I was so tired that I didn’t care much about dozing through my alarm, rising about 7.10am, at the same time as a man who slept across the room. As I ate my muesli/condensed milk breakfast I was invited to join the man and his friend as they ate a melon. I tried to buy some lunch supplies but such is the bareness of the place that the girl-in-charge could only offer me a single non, and even then just out of sympathy. The chaihana had plenty of water at least. With 13L of the stuff, I set off for the border.

Passing between Uzbekistan and Kazakhstan proved to be a very smooth process. On the Uzbek side, I skipped a line of waiting vehicles and proceeded to the immigration office, arriving a convenient ten minutes before it opened for the day. My passport was inspected and my bags passed through an x-ray machine. I was asked to open each one but the man on duty barely glanced into the top of each before telling me I could go. My worries about accommodation registration were unneeded as no one asked me about where I stayed during my time in the country. On the Kazakh side, I was led to the very front of a long line of people and served immediately by a man who said nothing as he looked through my passport and stamped me into the country. As I pushed my bike towards the exit of the border compound, I was called to a stop by a customs officer. After a quick chat he let me go without checking my bags. I was then free to enter the dust bowl that is far western Kazakhstan. The wind was blowing a gale, throwing swirling clouds of dust across the sky. All of a sudden the excitement of the border crossing passed and I was left to confront the frustratingly rough road.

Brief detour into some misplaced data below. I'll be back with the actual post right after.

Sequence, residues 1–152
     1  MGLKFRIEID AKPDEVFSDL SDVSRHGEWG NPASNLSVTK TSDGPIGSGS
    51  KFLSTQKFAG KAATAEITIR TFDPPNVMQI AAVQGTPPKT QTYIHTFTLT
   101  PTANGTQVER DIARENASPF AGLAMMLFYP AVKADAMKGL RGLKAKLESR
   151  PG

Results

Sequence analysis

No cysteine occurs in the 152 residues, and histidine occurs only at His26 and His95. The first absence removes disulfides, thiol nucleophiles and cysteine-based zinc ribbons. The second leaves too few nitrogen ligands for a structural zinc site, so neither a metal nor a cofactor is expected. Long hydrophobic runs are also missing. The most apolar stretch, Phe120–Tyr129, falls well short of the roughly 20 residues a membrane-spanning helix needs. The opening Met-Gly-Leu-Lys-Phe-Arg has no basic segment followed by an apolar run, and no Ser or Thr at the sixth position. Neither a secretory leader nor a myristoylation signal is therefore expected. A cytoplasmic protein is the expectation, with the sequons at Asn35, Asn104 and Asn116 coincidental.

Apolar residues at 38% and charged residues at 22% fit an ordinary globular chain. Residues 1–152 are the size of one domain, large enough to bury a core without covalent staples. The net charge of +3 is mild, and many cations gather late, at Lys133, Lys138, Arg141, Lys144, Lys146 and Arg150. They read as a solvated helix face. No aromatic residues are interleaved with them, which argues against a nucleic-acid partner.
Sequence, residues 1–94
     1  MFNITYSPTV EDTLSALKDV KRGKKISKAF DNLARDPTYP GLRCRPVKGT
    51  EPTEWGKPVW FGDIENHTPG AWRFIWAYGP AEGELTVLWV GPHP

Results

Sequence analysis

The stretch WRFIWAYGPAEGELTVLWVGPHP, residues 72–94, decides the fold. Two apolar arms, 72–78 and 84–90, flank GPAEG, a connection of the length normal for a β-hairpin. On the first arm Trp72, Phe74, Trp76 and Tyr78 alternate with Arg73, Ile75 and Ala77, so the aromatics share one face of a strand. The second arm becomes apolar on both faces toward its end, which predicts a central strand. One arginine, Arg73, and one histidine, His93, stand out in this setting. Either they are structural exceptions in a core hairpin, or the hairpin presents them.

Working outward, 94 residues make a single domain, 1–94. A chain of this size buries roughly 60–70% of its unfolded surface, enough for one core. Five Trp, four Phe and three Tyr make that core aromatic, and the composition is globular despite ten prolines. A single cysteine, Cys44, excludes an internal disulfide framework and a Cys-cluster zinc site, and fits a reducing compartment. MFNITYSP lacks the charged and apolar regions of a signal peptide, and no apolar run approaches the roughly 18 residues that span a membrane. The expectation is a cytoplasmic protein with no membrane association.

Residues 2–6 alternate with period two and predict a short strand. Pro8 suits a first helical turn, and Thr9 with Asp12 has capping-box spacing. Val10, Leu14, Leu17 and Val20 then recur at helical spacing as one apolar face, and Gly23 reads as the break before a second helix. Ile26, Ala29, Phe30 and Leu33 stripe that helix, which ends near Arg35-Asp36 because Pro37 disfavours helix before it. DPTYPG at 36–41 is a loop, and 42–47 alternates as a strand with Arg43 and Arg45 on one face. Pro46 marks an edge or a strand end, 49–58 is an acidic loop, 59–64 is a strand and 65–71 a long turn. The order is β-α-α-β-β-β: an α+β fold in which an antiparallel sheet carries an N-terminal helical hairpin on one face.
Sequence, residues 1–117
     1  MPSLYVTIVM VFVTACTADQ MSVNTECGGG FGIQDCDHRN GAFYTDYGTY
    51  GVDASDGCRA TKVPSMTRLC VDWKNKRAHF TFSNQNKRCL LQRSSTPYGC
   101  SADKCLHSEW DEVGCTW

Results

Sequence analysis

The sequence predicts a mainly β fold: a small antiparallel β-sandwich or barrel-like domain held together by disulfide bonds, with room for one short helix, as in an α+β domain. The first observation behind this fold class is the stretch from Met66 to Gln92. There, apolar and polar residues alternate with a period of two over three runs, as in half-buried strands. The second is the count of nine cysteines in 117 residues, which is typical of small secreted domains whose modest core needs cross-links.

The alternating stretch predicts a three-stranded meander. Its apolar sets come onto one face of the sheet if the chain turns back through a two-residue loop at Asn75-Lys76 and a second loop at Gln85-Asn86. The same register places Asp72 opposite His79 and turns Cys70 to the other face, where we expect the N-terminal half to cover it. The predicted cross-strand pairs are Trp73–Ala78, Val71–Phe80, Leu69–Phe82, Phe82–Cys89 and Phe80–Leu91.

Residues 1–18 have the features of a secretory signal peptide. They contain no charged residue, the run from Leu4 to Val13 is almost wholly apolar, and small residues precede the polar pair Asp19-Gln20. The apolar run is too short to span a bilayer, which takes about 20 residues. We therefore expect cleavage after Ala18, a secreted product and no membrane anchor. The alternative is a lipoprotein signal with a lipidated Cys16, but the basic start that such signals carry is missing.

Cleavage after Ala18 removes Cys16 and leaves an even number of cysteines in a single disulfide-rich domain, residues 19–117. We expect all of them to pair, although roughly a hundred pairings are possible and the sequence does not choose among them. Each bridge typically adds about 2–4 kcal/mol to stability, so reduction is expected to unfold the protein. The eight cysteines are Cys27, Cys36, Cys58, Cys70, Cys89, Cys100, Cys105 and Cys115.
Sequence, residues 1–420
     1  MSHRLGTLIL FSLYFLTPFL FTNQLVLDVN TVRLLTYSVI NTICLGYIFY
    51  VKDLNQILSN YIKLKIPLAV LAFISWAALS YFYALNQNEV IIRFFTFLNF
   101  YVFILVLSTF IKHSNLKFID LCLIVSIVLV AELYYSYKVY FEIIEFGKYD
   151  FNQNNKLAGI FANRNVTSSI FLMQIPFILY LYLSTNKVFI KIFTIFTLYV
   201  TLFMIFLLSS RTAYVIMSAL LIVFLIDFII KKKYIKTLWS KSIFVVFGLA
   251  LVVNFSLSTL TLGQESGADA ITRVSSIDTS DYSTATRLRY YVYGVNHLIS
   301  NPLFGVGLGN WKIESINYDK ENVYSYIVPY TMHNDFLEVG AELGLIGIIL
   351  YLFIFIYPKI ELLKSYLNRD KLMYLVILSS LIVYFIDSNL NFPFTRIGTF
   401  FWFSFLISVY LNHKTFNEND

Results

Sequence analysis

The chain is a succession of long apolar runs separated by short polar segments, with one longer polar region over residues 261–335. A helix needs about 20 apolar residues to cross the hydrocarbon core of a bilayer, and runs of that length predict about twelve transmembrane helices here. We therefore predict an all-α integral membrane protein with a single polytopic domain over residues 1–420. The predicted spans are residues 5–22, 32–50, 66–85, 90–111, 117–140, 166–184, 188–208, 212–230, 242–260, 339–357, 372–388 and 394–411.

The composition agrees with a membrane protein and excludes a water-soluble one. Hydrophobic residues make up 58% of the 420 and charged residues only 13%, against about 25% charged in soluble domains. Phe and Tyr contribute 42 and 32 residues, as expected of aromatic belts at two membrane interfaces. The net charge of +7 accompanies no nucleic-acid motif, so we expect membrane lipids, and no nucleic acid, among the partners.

I soon realised there was no way I would make it to Beynou. It became a certainty when I felt something wrong with the bike. I discovered that the bolt holding the left side of my rear rack to the frame had sheared off. For the life of me I couldn’t get it out of the frame. I tried gluing a bolt onto the end of the stuck one so I could twist it out, but failed miserably. In the end I refit the rack to another set of eyelets. By the time I sorted this out I was ready to find a place to sleep. I tried to get into the low hills over a set of train tracks to the west, but was blocked by a fence. I then scouted a pile of dirt on the eastern side of the road that I thought might hide me from the road. The dirt pile turned out to be the back of a bunker-like structure. I have set my tent up in the entrance, sheltered from the wind. A few vehicles have gone by right in front of me but either they didn’t see me or they chose to ignore my presence. Already feeling frustrated by the problem with my bike, I became even further annoyed when I opened my front rack pack and discovered that the plastic bottle containing alcohol for my stove had been leaking, soaking into my drawing pad, travel documents, pasta and Brooks saddle (which I’m carrying until I’m sure my new one is better). I spent valuable cooking-by-sunlight time cleaning up the mess. My mood picked up after I consumed a delicious, hot dinner (pasta, vegetables and tuna in a tomato-based sauce) and washed myself clean of all the dirt and dust I’d picked up through the day. Right now it’s 10pm and I’m finally ready for bed.

Going the right way?

Accommodation Free-camp
Distance ridden today 72.85km
Average cycling speed 13.4kph
Total distance ridden 22,532km